Author Topic: Reuse milestones  (Read 34094 times)

Offline Robotbeat

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Re: Reuse milestones
« Reply #80 on: 01/05/2023 01:34 pm »
By my count, there have been 146 Falcon 9 Booster reflights.

This is more than the 129 Shuttle reflights

Falcon 9 is the most reused rocket.   It has done this in a bit over 7 years, compared to the shuttle 's 30 years.

Fan as I am, still though:
- F9 reuse is first stage, Shuttle was second so not really comparable.
- Per vehicle, there's still some catching up to do, even if it were comparable.

Per $ spent though, I think F9 is doing pretty well :)
The reason they haven’t done as many flights per airframe as Shuttle, though, is partly because they have a huge booster fleet. I think the fact that SpaceX has a huge fleet of F9 boosters because they’re also pretty cheap counts as a win. I don’t see any obvious technical thing preventing each booster from flying just as many times as each orbiter did, except that the fleet of boosters is huge (which again is a point in favor of F9 enabled by the low upfront cost, not against it) and they’re likely going to transition most launches to Starship before reaching 40 launches per booster.
« Last Edit: 01/05/2023 01:38 pm by Robotbeat »
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Offline StarshipTrooper

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Re: Reuse milestones
« Reply #81 on: 01/05/2023 01:54 pm »
That's quite the fleet of boosters.   

SpaceX clearly has:
* a regular 2 month refurb cadence (launch to launch)
* a large enough booster fleet,  recovery fleet and pads
* a sufficient second stage production line cadence

These add up to the ability to launch at least once per week on a regular sustained basis
The stated goal for the upcoming year is 100 launches. So approximately twice a week. I wonder what needs to expand to allow an almost doubling of cadence?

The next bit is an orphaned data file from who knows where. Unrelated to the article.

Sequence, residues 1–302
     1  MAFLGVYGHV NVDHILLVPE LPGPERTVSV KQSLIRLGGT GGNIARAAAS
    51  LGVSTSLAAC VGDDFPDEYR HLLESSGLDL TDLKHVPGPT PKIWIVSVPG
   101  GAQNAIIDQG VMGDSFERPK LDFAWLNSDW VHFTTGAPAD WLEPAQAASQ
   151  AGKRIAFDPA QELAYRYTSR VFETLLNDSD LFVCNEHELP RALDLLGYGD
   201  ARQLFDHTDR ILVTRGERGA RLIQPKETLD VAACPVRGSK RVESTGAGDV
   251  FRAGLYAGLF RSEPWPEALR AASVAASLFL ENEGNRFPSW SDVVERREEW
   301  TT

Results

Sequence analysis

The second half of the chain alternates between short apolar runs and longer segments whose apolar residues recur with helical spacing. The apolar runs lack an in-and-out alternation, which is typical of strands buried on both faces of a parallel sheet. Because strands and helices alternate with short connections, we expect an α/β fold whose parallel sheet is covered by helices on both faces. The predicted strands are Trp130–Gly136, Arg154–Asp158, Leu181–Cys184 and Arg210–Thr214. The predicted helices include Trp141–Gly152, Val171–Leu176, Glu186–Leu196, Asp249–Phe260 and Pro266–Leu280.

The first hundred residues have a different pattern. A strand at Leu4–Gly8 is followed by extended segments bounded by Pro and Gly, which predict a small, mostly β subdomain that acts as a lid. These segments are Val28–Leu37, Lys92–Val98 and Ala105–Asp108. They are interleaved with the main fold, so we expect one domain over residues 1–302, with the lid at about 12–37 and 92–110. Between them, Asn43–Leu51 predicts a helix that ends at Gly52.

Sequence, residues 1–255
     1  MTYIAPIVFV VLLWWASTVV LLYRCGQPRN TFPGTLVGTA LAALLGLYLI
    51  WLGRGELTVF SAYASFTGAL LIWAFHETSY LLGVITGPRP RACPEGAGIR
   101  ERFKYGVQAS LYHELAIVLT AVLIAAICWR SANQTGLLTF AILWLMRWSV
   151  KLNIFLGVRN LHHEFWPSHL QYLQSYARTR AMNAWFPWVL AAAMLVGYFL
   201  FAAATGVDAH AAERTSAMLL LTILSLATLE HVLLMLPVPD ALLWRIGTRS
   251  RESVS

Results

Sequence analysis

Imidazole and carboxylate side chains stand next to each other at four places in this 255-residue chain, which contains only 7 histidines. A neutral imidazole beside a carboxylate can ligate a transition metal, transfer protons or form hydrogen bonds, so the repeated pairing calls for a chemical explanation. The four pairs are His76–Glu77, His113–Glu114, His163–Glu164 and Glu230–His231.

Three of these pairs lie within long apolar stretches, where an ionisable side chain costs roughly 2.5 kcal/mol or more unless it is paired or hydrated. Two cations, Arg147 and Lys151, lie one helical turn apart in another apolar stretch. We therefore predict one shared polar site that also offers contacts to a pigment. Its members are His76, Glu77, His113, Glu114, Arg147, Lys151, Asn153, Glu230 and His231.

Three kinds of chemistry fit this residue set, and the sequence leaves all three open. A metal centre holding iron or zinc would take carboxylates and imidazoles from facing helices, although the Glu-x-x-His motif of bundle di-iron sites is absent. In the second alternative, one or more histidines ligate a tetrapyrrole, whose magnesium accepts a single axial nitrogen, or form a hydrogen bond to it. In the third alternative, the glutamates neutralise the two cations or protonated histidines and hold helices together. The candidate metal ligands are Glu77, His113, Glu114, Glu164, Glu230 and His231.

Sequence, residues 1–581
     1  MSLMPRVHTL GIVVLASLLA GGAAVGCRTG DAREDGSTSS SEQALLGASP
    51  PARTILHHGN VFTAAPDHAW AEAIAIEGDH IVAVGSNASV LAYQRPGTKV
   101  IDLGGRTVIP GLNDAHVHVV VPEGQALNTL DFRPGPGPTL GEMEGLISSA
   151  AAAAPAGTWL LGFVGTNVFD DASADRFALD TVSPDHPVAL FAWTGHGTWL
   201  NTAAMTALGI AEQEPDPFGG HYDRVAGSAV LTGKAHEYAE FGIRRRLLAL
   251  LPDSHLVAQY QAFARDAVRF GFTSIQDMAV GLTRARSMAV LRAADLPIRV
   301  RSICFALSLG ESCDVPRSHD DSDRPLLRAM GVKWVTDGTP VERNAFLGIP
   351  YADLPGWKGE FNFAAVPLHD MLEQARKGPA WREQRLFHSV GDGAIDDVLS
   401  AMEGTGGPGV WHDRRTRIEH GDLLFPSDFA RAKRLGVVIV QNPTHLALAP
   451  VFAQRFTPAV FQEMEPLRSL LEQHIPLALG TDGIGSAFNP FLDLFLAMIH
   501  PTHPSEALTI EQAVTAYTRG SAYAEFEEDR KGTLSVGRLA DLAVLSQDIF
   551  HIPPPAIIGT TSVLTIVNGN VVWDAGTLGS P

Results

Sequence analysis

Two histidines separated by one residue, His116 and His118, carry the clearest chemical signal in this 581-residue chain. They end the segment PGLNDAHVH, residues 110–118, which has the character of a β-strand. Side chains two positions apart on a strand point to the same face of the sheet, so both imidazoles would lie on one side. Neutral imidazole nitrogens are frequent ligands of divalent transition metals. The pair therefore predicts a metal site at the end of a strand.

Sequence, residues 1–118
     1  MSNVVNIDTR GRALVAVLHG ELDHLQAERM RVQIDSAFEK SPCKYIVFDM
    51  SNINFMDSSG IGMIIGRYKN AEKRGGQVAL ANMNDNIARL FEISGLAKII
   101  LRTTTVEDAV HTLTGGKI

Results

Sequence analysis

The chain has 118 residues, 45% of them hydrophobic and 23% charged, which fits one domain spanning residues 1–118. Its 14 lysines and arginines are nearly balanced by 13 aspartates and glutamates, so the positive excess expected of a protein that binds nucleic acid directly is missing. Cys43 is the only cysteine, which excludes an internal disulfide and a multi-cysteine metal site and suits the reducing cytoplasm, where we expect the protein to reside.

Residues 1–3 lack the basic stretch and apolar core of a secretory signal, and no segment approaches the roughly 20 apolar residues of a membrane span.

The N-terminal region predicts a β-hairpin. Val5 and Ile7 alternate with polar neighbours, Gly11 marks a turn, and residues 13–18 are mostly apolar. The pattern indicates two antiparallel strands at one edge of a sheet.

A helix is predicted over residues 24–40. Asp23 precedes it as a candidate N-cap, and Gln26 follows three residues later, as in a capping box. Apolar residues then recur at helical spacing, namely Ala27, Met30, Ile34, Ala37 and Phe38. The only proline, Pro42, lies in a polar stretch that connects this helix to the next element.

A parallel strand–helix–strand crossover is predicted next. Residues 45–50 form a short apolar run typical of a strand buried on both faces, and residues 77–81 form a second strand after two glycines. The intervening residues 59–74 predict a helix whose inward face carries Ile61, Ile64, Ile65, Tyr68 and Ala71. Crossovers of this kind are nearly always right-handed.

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Offline Robotbeat

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Re: Reuse milestones
« Reply #82 on: 01/05/2023 02:22 pm »
A consistent max launch rate from all 3 launch sites would do it. So more launches from Vandenberg, likely.
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Online DanClemmensen

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Re: Reuse milestones
« Reply #83 on: 01/05/2023 04:31 pm »
How much additional pad time does each FH launch take? Apparently, LC-39A must be reconfigured from F9 to FH and then reconfigured back to F9. 2022 launches were:
      30  CCSFS, SLC-40
      18  KSC, LC-39A
      13  VSFB, SLC-4E

For example using made-up numbers, if a conversion takes an extra week and the usual pad turnaround is about two weeks, then an FH will count as two F9s for pad occupancy. There are four FH on the 2023 manifest, so they will need to account for the equivalent of roughly 4 additional F9 launched of pad occupancy time.

Of course Elon's "100 launches" probably include 5 SS from Boca Chica.




Offline Robotbeat

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Re: Reuse milestones
« Reply #84 on: 01/05/2023 06:02 pm »
They could also potentially do 2 Falcon Heavies back to back at the Cape (or close to it, as there’s not necessarily enough room in the HIF for two), which may take less conversion time.
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Offline meekGee

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Re: Reuse milestones
« Reply #85 on: 01/08/2023 04:41 am »
By my count, there have been 146 Falcon 9 Booster reflights.

This is more than the 129 Shuttle reflights

Falcon 9 is the most reused rocket.   It has done this in a bit over 7 years, compared to the shuttle 's 30 years.

Fan as I am, still though:
- F9 reuse is first stage, Shuttle was second so not really comparable.
- Per vehicle, there's still some catching up to do, even if it were comparable.

Per $ spent though, I think F9 is doing pretty well :)
The reason they haven’t done as many flights per airframe as Shuttle, though, is partly because they have a huge booster fleet. I think the fact that SpaceX has a huge fleet of F9 boosters because they’re also pretty cheap counts as a win. I don’t see any obvious technical thing preventing each booster from flying just as many times as each orbiter did, except that the fleet of boosters is huge (which again is a point in favor of F9 enabled by the low upfront cost, not against it) and they’re likely going to transition most launches to Starship before reaching 40 launches per booster.
Agreed.  They just haven't yet, and the discussion was about milestones achieved.